Rest or Rust?

When the Dodgers completed their three-game sweep of the Arizona Diamondbacks in the 2017 National League Division Series on Monday night, two thing immediately became crystal clear:

1) Game-1 of the 2017 National League Championship Series will be played on Saturday, October 14 at Dodger Stadium against either the Washington Nationals or the Chicago Cubs.

2) Dodgers ace Clayton Kershaw will have gone a full eight days between starts, something that he almost never does and something that he absolutely despises.

Oh sure, the soon-to-be four-time NL Cy Young award winner and future Hall of Famer will have one (or more) bullpen sessions and more than likely a simulated game between now and Saturday, but let’s be honest here, a bullpen session or sim game in nothing like actual live-game action, not by any stretch of the imagination.

A huge part of Kershaw’s pre-game routine is his long toss session, which is a breathtaking sight to behold.
(Photo credit – Ron Cervenka)

But aside from having a significant effect on the Dodgers starting rotation and even on the bullpen, a four-day layoff between games isn’t necessarily a bad thing. In fact, it’s actually a very good thing.

There isn’t a player on the Dodgers 25-man or even their 40-man roster who doesn’t have some sort of ache or pain, or bump or bruise after a grueling regular season and recently concluded division series, not one. And with a minimum of eight games left to play before (hopefully) reaching that elusive pot of gold at the end of the rainbow (and probably more than eight games), this four day layoff (eight for Kershaw) could mean the difference between a World Series ring or being a soon-forgotten World Series runner-up. (Quick … who played the Giants in the 2012 World Series? – See what I mean?).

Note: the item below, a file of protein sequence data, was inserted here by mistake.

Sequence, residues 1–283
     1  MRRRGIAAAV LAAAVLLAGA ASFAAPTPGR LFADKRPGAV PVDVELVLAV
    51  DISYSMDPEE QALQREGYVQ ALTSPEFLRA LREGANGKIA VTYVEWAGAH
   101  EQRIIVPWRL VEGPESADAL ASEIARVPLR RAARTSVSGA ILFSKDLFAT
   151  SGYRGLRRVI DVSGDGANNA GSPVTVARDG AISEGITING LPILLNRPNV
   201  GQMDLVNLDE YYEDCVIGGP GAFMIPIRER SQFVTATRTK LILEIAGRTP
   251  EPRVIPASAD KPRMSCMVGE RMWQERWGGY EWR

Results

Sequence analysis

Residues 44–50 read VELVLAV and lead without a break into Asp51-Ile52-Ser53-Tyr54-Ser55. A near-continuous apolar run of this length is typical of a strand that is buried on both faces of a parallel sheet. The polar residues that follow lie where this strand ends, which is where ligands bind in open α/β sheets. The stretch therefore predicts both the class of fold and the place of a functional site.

When looking at significant Dodger injuries over the final three or four weeks of the regular season, it’s hard not to think about Corey Seager‘s ailing left elbow, or Justin Turner‘s still sore right thumb, or Yasiel Puig appearing to have re-aggravated an old hamstring injury while running out a grounder in his first at-bat on Monday night even though he remained in the game for the full nine. And these are just the known injuries and ailments. Heaven knows there are numerous other health concerns of varying degrees up and down the Dodgers lineup, and a couple of extra days off could be a huge factor against the eventual winner of the other National League Division Series.

Dodgers All-Star third baseman Justin Turner had to leave the game against the Phillies on September 21 after being hit by a pitch on his right hand. It’s probably safe to say that the soon-to-be 33-year-old Dodgers third baseman can use a couple extra days off this week.
(Photo credit – Bill Streicher)

That being said, and as much as we all detest it, you can bet that one or more national (non-Dodger) radio and/or television broadcaster will jump – absolutely jump – on the rest-or-rust bandwagon at the first miscue by a Dodger player or a rough outing by a Dodger pitcher.

…because that’s what (non-Dodger) radio and/or television broadcasters do.


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One Response to “Rest or Rust?”

  1. CruzinBlue says:

    I like your take on the Dodgers present conundrum; it’s a good place to be in right now, that’s for certain. But there’s two sides to this argument; a subject that’s been heatedly discussed through the years. No matter which side one takes, whether we like it or not, there’s really no right or wrong answer. Each side has its positives and negatives.

    But to your point, I really like the Dodgers chances right now in getting their aches and pains a few more days to heal. This team will emerge on the other side of Friday ready to compete and leave it all on the field. The short rest won’t bother this team in the least. One look no further than July when the Dodgers came out of the All-Star break winning 16 of 20 and never looked back. But the network broadcasters like to sensationalize every little detail to fit their narrative. So when the Dodgers win the NLCS, get ready for their narrative to include how “un-rested” the other team was entering this series. And you can take that one to the bank.

    Go Dodgers!!

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